A couple of years ago we were in the midst of the most disruptive phase of the World's Longest Renovation. Six of us were living in about a third of the house, there was no storage anywhere, literally nowhere even to put another thing on the floor. I love looking down our beautiful clear hallway now, because I still have very clear memories of the floor and walls being stacked with every book we owned, several pieces of furniture, and all of the children's clothes in plastic crates. That was the year I became an Extreme Declutterer. Everything I didn't absolutely love, went. OK, so I didn't absolutely love the vegetable peeler, or that plastic caddy that the sink brushes live in, but they are very useful, so I let them stay. I was brutal. You know how they say you only wear ten percent of your wardrobe? I threw out the other ninety percent. I got rid of books which was like giving away the children (well, no, not really, let's not get carried away. It was hard though). I gave away wedding presents, off loaded furniture that was not quite right and ruthlessly thinned out the toys, the games, the art supplies and the thousand other items that I had hitherto believed necessary to my existence. I don't think I have regretted a single item that went out my front door. It was very liberating.
The most exciting thing about the entire project is that none of that stuff has come back. I was a little worried at first, that when I gained more house space, stuff would creep back in. In my mind, stuff had a kind of menacing quality about it, like triffids, or wolves at the gate. Then it occurred to me that in order for stuff to invade, I would have to let it in, and that even before that, I would have to actively go out and get it. So I stopped going out to the shops. I have absolutely no self control in a shop, and things just call to me with their wicked siren songs. For months and months I didn't go in to any shops at all, except to buy food, and tedious renovating items like taps and light fittings, and the odd pair of shoes for the children. And by the time I was forced to go into actual interesting shops because there were holes in the sheets and all the coffee mugs had chips in, the spell was broken. Things in shops are just things, they won't solve problems or make dreams come true. I am finally able to look at a covetable pretty thing and appreciate it and not want to take it home. I even see interesting books in op shops and think, 'Oh, I'll look for that in the library.' It's not about the price, it's about not continuing the endless treadmill of consumption. It's about not purchasing on impulse, but taking weeks to contemplate and plan exactly what I want and need, then the joy of finding the exact thing after further weeks of searching, and the satisfaction of having what I need and no more. In fact, now I think about it, I am turning into a Nanna prematurely. Luckily I have time for afternoon naps, because I won't be popping out to the shops..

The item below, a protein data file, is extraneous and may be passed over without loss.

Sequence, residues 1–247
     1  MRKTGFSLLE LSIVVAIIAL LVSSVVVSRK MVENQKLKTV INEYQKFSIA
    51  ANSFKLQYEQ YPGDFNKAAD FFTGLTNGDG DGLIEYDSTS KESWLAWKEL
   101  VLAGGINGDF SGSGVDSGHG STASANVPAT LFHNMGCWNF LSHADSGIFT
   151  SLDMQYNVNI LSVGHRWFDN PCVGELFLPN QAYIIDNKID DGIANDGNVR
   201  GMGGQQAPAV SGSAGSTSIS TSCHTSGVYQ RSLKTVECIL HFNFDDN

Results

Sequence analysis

What would Henry David say?
4 hours ago